A bbc Interview with Paul Tyler @glazgow

Introduce yourself please...

I'm Paul Tyler (@glazgow), originally from Sussex and currently exiled in Scotland! I have been a primary teacher for 10 years, 9 of them at Mearns Primary School, just south of Glasgow. I've taught P4, 6 and 7 as well as science and technology across the school. Currently one of the schools Science Champions and Digital Leaders.

What made you become a teacher?

         - Not really sure although I can guarantee that most of my teachers would be pretty surprised at my career choice. After graduating from Leicester University I worked in pharmaceutical research for 8 years and then as a Rugby Development Officer for Scottish Rugby for 3 years. I've always enjoyed teaching people how to do things so I suppose when I met my wife, who's a primary teacher too, it was inevitable. Ten years in I'm pretty happy with my choice.



What is your favourite part of the job?

         - The children - obvious answer I know but it is genuinely the reason I do the job. I love the magic that happens when you close your classroom door and it's just you, 30 kids and an adventure. I love that light bulb moment when a pupil has struggled away at something and finally gets it. I love watching pupils helping each other to learn something they are finding difficult. It really is a privilege to work with children and help them develop enthusiasm for learning.



What is the most frustrating thing about teaching at the moment?
 
        - For me it's any of the paperwork that doesn't directly impact on pupils learning. Constantly filling out forms and spreadsheets to record what has already been recorded elsewhere. For me the pupils are the evidence of learning, want to know what they've learnt about...ask them.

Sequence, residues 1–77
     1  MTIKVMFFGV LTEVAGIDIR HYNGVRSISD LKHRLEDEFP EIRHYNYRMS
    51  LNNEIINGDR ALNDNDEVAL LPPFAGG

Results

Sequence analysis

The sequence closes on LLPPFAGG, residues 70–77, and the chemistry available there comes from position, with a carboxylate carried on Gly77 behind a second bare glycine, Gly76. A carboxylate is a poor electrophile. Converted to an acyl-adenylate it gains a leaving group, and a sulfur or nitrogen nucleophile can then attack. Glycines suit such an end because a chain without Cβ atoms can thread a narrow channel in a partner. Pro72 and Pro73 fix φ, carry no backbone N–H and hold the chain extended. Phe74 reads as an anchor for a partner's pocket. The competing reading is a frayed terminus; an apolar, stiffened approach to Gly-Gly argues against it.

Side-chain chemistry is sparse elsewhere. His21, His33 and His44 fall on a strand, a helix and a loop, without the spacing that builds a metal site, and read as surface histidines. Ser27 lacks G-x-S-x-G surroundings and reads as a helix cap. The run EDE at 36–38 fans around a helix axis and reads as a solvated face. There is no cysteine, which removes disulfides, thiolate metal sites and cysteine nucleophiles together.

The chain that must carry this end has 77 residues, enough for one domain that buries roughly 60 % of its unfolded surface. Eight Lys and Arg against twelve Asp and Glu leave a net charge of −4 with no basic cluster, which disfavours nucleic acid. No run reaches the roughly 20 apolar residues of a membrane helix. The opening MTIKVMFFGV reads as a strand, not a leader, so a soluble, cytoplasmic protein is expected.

Although sometimes that´s dangerous as they will conveniently forget the minute someone in a suit asks them anything.



What is your guilty pleasure?

           - Guilty pleasure...Disney princess films! I have a 4 year old daughter so at first I couldn't avoid them but now really enjoy them and the music, which I often find myself singing!


Been there, done that. I can sing any songs, word perfect, from Moana, Frozen, Tangled...



If you weren´t a teacher, what would you be and why?

         - If I wasn't a teacher then I'd love to have been a sport scientist. I wanted to do sport science after leaving school but my careers guidance teacher told me it wasn't a proper degree and there'd never be any jobs in it! I do occasionally wish that I'd ignored him and followed my heart.


Well it would have been teaching´s loss, but that career guidance teacher needs a new career.



What are you passionate about (teaching-related or not)?

        - My absolute passion is rugby, and coaching rugby. I had to retire from playing at 21 with a broken neck so started coaching early at the age of 22. For 17 years I've coached a variety of age groups and different clubs and districts including coaching my U18 sevens team in front of 45,000 people at the 2014 Commonwealth Games in Glasgow. Teaching and sports coaching compliment each other perfectly and there are always ideas that cross over. I'm also passionate about personal learning and look for any opportunities to learn something new. I've done a few MOOC's, some which are useful for school others just for my interest. I'm also a UKCC level 3 rugby coach and have a diploma in Sport Psychology.  With 3 young children now I'm looking forward to supporting and encouraging their passions as they grow up.